In 2017, former University of Southern California gynecologist George Tyndall was asked to resign after a nurse at the schools clinic reported him to USC's Sexual Violence Prevention Services. After an investigation, Tyndall, 74, was accused of sexually assaulting thousands of women who visited the clinic, and is currently awaiting trial on 35 counts of sexual misconduct. One survivor, Sarah May, a former USC student who was sexually assaulted by Tyndall in 2004, is speaking out.
In her new book, To the Shadows, May bravely shares how the sexual assault impacted her life, and how she’s healed from the trauma. "This book is not just for people healing, it's for people supporting healers. I think the more we understand about what goes on during the healing process, the better we are able to support the people we love."
May dreamed of working in the film industry, and after attending film school in Toronto, she decided to get her masters in screenwriting from USC. As a student, May made a gynecological appointment at the University’s health clinic where she met Dr. Tyndall.
In 2015, Sarah went through what she calls a "nervous breakdown" when memories of her past assault as a child came rushing back. That's when she started therapy and the very difficult journey of addressing her traumas. As Sarah focused on her healing, the case against Tyndall grew. More accusers came forward, and USC asked Tyndall to resign, with a severance package, in 2017. Shortly after, the LAPD began a criminal investigation into the allegations of abuse. When May saw Tyndall’s case emerge in the news, she knew that she had to speak out.
“Because I had done so much work healing and working with my trauma, I picked up the phone to call lawyers within five minutes of seeing the news. So that's the difference between being unhealed and healed — our ability to just stand up for ourselves,” says May.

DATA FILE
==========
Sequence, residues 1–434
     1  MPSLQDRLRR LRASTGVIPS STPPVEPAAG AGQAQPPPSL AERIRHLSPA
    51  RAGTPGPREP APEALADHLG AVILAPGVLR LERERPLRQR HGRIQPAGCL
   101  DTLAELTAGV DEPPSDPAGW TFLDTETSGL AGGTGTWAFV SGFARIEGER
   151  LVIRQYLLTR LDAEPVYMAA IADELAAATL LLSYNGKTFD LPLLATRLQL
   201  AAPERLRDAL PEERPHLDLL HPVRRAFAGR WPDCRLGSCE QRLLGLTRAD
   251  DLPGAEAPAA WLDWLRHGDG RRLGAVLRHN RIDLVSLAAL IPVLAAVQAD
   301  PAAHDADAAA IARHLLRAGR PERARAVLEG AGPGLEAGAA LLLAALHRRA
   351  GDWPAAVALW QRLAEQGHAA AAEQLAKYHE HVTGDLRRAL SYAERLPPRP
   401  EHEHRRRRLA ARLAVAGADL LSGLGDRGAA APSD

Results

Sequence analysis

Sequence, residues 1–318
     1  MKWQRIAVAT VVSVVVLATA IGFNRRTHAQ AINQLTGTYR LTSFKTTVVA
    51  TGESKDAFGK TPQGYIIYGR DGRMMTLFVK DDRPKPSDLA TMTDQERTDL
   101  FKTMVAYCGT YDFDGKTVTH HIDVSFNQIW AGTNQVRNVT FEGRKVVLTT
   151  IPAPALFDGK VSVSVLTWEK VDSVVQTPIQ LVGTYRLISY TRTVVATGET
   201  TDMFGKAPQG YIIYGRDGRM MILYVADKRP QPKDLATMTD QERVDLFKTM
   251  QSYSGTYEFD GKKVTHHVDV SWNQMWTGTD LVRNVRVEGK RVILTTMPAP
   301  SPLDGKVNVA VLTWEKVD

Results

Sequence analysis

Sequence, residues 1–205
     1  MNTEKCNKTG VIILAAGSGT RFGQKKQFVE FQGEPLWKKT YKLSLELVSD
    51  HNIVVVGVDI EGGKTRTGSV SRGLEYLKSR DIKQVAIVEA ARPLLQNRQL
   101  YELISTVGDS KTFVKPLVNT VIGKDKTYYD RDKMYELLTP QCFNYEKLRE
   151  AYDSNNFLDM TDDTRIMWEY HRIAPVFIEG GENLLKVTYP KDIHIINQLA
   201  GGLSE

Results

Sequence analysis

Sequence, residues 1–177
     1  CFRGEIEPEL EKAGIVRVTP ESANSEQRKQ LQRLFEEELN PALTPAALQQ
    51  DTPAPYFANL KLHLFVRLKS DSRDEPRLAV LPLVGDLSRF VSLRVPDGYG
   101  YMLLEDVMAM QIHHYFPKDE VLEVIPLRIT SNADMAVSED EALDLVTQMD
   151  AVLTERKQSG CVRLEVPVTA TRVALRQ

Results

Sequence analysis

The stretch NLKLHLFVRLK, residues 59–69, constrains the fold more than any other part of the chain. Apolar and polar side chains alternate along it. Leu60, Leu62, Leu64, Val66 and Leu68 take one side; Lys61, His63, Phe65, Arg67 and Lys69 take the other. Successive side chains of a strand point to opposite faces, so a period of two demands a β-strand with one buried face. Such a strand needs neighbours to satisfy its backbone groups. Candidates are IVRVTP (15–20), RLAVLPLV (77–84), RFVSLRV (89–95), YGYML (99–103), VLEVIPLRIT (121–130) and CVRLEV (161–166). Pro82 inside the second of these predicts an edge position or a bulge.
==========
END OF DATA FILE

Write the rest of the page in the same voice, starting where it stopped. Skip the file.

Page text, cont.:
BRITTANY JONES COOPER: In 2018, former USC gynecologist George Tyndall was charged with 35 counts of felony sexual misconduct. Today, I'm sitting down with USC sexual assault survivor, Sarah May, who's sharing her healing journey in her debut book, To the Shadows. I'm Brittany Jones Cooper, and welcome to Unmuted.
Sarah, the case against George Tyndall has made national news and involves thousands of victims. Your story starts back in 2004. Can you tell us a little bit about what brought you to USC.
SARAH MAY: My dream was always to work in the film industry. And I went to USC to study screenwriting. Unfortunately what happened at USC put me in really place of not believing in myself. And so my dreams never came to fruition.
BRITTANY JONES COOPER: So sorry to hear that. I think trauma has such a long lasting impact on our lives. In 2004, you went to the USC clinic for a gynecological visit. Can you take us back to what happened that day?
SARAH MAY: I had made an appointment with Dr. Tyndall. And when I went in, he proceeded to ignore what I had come in for. And he assaulted me vaginally with no gloves on his hand. And I could feel the whole appointment that something was happening. I think what really got to me is that he seemed so comfortable doing it. I was like, maybe he's doing this to other women.
I remember my hand on the doorknob after I'd gotten dressed, and I did not want to open that door. I didn't want anyone to see me. This is emotional, right? So I felt like garbage. And that was really difficult for me because I feel like I had already been fighting my entire life to get out of that belief because of what happened to me as a kid. I actually had childhood abuse. So then that happens again. And it's like this is who I am. My body is for other people. It's not my own.